A mural is painted onto the bricks as a tribute to the Rev. Bev Cosby, a local minister, showing a laying of hands of people associated with Cosby.  This mural, according to information I've found, is the first of a series that Lynchburg has planned for downtown.

A mural is painted onto the bricks as a tribute to the Rev. Bev Cosby, a local minister, showing a laying of hands of people associated with Cosby.  This mural, according to information I’ve found, is the first of a series that Lynchburg has planned for downtown.


As this is a city, billboards are inescapable, with a smaller one shown here presiding over a parking lot a few blocks from the river.

As this is a city, billboards are inescapable, with a smaller one shown here presiding over a parking lot a few blocks from the river.


One of the more interesting buildings near the river in Lynchburg is the J.W. Wood Building, home of the children's museum Amazement Square.  The building has a cast-iron façade (painted green), and also historic painted signage reflecting the building's former use as a wholesale grocery firm and warehouse.  One side of the building even shows the phrase "Death to all insects", from the same era, referring to the insecticides once sold in the facility.

One of the more interesting buildings near the river in Lynchburg is the J.W. Wood Building, home of the children’s museum Amazement Square.  The building has a cast-iron façade (painted green), and also historic painted signage reflecting the building’s former use as a wholesale grocery firm and warehouse.  One side of the building even shows the phrase “Death to all insects”, from the same era, referring to the insecticides once sold in the facility.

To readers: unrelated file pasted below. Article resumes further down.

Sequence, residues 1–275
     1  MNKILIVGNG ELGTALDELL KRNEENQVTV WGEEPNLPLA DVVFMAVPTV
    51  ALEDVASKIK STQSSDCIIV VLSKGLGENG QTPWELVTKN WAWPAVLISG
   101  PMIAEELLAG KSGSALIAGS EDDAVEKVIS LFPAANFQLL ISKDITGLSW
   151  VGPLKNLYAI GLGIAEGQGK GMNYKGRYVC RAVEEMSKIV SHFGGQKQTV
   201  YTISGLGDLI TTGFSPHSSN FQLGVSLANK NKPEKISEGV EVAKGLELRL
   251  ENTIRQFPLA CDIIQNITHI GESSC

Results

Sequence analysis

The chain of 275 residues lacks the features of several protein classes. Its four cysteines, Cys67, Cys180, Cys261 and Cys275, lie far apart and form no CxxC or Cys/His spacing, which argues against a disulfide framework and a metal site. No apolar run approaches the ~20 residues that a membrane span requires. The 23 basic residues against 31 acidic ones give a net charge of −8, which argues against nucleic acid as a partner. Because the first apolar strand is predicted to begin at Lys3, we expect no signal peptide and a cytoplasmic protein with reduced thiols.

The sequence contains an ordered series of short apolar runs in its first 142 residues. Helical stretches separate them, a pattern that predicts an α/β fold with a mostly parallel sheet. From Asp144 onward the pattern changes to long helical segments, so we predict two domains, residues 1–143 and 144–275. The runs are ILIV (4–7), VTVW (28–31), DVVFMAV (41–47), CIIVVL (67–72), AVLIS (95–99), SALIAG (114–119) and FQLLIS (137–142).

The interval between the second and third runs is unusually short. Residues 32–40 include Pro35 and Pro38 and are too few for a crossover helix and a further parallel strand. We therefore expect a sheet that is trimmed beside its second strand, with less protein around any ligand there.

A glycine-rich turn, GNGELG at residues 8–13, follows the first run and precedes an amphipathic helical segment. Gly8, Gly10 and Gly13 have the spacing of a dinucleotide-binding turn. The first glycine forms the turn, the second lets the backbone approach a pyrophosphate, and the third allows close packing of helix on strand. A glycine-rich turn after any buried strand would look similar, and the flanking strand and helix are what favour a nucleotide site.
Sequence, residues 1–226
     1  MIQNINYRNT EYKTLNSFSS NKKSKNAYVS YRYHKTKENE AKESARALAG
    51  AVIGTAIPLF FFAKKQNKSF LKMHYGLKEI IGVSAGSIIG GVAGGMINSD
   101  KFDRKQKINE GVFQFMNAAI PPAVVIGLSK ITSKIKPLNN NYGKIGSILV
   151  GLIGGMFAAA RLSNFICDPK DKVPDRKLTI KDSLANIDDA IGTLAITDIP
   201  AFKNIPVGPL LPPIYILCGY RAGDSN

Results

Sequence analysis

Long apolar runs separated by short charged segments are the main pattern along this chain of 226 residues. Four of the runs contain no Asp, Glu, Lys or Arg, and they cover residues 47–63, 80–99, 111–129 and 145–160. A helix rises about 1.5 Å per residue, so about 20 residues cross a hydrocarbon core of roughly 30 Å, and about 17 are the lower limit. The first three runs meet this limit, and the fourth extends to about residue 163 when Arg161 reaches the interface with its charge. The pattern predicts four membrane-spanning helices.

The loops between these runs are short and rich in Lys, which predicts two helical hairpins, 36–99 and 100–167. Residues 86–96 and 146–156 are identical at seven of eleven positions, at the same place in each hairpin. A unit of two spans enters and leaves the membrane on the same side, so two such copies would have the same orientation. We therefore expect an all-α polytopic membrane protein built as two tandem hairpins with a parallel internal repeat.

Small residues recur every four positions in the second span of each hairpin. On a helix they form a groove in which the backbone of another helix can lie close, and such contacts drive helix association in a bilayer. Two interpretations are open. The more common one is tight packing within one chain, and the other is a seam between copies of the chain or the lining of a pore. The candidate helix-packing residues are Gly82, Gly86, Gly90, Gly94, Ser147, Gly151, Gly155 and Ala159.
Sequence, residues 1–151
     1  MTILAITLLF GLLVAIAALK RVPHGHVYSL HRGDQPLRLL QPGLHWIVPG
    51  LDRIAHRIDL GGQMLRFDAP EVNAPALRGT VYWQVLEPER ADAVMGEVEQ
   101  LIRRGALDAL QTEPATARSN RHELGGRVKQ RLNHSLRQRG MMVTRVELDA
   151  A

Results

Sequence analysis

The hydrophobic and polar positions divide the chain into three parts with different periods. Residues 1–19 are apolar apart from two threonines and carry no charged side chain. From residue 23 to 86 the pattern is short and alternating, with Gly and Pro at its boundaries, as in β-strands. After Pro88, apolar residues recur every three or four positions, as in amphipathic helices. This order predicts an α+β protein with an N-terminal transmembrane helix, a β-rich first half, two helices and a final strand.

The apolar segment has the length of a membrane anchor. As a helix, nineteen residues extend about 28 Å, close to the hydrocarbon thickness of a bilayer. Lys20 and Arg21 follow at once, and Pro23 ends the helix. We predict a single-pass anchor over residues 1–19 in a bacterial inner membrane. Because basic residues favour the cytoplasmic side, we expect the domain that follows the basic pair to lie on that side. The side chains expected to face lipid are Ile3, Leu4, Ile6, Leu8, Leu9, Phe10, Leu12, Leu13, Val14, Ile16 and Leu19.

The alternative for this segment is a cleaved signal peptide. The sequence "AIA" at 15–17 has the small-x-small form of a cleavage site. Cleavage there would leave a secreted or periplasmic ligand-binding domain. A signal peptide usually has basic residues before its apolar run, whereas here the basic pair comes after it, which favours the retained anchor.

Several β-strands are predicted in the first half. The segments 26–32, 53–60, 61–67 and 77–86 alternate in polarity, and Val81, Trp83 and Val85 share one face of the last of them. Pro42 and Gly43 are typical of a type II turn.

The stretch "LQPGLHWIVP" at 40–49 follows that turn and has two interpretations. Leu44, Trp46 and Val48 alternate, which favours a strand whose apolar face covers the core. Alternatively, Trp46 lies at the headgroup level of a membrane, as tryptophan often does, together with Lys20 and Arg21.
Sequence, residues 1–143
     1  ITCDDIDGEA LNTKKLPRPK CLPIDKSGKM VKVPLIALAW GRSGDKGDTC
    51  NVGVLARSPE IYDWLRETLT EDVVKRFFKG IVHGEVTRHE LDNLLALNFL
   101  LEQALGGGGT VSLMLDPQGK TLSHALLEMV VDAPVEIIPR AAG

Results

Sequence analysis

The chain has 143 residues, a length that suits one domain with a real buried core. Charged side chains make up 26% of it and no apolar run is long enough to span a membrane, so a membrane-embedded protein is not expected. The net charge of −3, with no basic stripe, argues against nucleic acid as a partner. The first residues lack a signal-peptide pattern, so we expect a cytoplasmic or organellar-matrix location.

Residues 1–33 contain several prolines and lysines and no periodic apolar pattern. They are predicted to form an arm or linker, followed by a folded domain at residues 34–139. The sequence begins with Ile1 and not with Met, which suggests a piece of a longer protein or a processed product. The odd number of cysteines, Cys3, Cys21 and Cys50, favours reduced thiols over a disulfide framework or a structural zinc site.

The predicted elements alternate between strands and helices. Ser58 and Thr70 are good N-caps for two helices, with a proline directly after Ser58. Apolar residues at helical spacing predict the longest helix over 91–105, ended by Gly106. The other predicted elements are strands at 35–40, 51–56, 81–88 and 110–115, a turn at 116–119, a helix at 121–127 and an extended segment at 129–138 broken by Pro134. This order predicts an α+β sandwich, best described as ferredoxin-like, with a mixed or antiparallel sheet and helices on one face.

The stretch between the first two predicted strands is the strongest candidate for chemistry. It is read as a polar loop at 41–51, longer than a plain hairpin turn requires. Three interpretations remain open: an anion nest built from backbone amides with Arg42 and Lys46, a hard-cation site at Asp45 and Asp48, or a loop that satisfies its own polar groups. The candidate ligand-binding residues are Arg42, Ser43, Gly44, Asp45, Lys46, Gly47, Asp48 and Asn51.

On the sidewalk outside Amazement Square are metal sculptures of various bugs.  The worm sculpture above also doubles as a bicycle rack, though it is unknown whether this was deliberate or not.

On the sidewalk outside Amazement Square are metal sculptures of various bugs.  The worm sculpture above also doubles as a bicycle rack, though it is unknown whether this was deliberate or not.

On the sidewalk outside Amazement Square are metal sculptures of various bugs.  The worm sculpture above also doubles as a bicycle rack, though it is unknown whether this was deliberate or not.


A spider made its home in the sculpture of the fly seen above, spinning an orb web.

A spider made its home in the sculpture of the fly seen above, spinning an orb web.


The J.W. Wood Building is not the only one to showcase historic signage.  Across the street, another building also has advertising painted on it.  In this case, the advertisements are for Craddock Terry & Co. boots and shoes.

The J.W. Wood Building is not the only one to showcase historic signage.  Across the street, another building also has advertising painted on it.  In this case, the advertisements are for Craddock Terry & Co. boots and shoes.


Main Street in Lynchburg contains a number of vintage buildings, reminiscent of the downtowns of smaller cities.  Main Street in Lynchburg contains a number of vintage buildings, reminiscent of the downtowns of smaller cities.

Main Street in Lynchburg contains a number of vintage buildings, reminiscent of the downtowns of smaller cities.


More modern buildings also stand nearby.